He still walks the same streets here as his old acquaintance Barack Obama once did. That is about all they have in common anymore. At 50, Chicago activist Mark Allen lives with his parents, barely able to pay his bills. The head of a small, community-assistance organization called Black Wall Street Chicago, Allen regards his personal survival alone as a small victory, grateful he can pay the rent on his modest office space, aware he is doing better than many on this city’s restive South Side.

“Things haven’t gone the way we’d hoped after Barack got elected,” he says. … He wheels around to see a short man in a sweat-streaked tank top and torn jeans. He warily looks him over.

“Allen?” the man yells. “You Allen, right? It’s me, man. It’s Shorty.” …

“You know how it is, man,” Shorty says. “I could use a few dollars.”

“Don’t stretch me out, Shorty,” Allen says, reluctant to hand over any money, given how thin his own wallet has been stretched. He gives him two bucks anyway.

“I need some work,” Shorty says … “I need a job,” he repeats, more urgently.

Allen says he’ll keep his ears open. As a grateful Shorty trudges off, Allen mutters, “Where’s the stimulus for a guy like Shorty?”

It is a frustrated reference to the Obama administration’s $800 billion stimulus package, which has awarded $11.9 billion to Illinois’s public and private sectors since early 2009, according to administration statistics, and created jobs for about 3,900 Illinoisans in the last quarter alone. But not for many South Siders, Allen says.

Nobody in the neighborhood has seen hide nor hair of it. It appears there was precious little left for Shorty and Allen by the time the unions, the agencies, and the politicians had got through with the stimulus funds. “It is a common complaint among local activists and community leaders,” the Washington Post article continues. “South Side critics point to road and construction crews that are overwhelmingly white and from outside their neighborhoods.” But as the administration explains, they all really got a slice of the pie, but they just weren’t paying attention.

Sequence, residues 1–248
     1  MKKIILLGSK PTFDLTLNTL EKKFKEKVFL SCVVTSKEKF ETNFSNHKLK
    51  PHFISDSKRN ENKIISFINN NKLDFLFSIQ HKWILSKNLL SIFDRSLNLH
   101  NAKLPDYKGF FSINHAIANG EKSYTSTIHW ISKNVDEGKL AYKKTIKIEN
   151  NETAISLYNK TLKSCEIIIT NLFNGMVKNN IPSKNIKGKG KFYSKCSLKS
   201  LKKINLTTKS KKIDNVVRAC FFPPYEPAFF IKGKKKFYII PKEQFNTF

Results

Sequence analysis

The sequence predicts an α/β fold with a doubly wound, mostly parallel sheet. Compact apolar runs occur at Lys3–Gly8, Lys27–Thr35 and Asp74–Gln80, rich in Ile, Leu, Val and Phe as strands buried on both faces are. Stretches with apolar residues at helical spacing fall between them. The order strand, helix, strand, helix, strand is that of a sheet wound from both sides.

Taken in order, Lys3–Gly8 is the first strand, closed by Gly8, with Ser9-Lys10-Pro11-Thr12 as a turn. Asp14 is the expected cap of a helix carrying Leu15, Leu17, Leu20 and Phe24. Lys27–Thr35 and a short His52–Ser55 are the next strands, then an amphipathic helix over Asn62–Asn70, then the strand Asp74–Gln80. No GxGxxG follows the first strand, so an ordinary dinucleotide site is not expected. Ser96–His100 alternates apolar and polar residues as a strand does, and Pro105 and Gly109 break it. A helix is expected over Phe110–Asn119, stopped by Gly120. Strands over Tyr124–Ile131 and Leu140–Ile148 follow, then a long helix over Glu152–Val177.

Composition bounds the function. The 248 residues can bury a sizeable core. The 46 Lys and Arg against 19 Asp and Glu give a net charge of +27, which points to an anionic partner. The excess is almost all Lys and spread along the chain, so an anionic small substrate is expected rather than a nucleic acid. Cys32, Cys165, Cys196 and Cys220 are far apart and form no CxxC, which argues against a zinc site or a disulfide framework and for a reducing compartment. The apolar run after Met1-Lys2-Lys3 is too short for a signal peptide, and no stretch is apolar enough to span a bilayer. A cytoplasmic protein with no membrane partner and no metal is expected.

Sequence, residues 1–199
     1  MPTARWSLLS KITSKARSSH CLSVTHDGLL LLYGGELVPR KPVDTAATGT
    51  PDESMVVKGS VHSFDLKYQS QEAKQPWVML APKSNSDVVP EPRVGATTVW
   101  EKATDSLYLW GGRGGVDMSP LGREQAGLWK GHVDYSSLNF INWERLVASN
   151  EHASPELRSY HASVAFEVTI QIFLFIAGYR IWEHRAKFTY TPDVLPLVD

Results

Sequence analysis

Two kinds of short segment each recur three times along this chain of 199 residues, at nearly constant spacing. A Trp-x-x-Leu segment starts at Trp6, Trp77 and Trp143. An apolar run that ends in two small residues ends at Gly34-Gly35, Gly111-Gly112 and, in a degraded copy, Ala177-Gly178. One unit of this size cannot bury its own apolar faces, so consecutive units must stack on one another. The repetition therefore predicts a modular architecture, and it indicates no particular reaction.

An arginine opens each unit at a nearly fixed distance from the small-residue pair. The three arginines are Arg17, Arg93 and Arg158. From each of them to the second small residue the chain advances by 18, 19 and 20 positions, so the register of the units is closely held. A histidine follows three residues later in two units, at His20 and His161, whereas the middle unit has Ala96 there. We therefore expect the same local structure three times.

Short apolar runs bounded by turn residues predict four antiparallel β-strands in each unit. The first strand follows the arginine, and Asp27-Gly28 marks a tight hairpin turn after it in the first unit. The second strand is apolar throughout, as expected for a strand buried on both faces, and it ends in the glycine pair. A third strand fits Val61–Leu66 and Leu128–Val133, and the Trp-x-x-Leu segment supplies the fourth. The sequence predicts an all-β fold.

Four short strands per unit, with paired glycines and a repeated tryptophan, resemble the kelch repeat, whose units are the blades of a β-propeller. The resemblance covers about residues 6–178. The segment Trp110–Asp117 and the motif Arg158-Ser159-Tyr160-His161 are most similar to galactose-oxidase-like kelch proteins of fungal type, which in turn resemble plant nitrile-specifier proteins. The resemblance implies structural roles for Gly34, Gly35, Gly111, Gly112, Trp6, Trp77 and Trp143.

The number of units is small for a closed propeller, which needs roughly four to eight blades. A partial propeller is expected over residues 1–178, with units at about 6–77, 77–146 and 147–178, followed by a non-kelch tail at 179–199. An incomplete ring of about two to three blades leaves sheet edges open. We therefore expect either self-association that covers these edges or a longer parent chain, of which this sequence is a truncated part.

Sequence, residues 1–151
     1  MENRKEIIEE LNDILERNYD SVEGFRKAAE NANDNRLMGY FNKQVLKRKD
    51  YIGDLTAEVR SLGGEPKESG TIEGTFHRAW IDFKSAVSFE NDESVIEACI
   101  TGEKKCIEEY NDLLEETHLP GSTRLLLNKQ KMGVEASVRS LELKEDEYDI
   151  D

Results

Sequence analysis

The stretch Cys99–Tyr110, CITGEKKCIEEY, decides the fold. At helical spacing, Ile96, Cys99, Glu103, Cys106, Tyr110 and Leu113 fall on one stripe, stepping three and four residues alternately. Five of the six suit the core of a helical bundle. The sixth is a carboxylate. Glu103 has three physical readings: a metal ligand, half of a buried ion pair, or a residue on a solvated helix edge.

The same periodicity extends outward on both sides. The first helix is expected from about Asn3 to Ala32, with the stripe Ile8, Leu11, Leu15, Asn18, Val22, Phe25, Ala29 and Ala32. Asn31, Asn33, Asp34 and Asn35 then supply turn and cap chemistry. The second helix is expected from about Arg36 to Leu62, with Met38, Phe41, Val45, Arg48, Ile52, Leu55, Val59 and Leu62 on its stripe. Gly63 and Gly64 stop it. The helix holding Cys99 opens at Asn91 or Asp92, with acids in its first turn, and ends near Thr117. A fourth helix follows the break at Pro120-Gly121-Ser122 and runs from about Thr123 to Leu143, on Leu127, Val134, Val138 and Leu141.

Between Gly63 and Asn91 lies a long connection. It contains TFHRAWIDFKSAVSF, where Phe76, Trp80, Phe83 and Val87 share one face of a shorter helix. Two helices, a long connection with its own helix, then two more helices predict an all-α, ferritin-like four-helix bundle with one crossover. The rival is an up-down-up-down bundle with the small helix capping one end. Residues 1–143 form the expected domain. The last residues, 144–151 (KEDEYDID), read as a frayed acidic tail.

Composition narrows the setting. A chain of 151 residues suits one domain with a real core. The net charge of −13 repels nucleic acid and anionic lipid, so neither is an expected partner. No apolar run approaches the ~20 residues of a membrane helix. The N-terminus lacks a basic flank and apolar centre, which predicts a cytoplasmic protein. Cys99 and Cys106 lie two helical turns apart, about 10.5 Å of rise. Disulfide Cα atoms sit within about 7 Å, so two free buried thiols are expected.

[A]dministration defenders point out that the stimulus law was never chiefly designed as an infrastructure program. Most of the stimulus money has gone to the kinds of initiatives principally designed to stoke consumer demand, bolster the social safety net and preserve existing jobs: tax credits for lower- and middle-income families, more public education funding, additional assistance to Medicaid.

In other words, the stimulus money, like a pea in a shell game, was meant to go round and round the paper mills of Washington, Illinois, and Chicago, getting just a little smaller each time until it just vanished. But all that time it was generating green rays which, had Allen and Shorty been more perceptive, they would have noticed as shining upon them.

The solution, of course, is to put a bigger pea under the shell so that even after numerous iterations, there’ll still be more than a couple of bucks left over for Allen and Shorty. But that’s what it comes down to. Where are the dollars and cents?

Maybe Greg Sargent’s mistake is to think the coming election will be all about the campaign. It won’t be. Not this time. What Romney and Hillary understand is that the election will be about the last four years. Barack Obama isn’t running against Romney. He’s running against his record. Perhaps Allen and Shorty will still vote for him this time around, but there’s a limit to everything. There always is.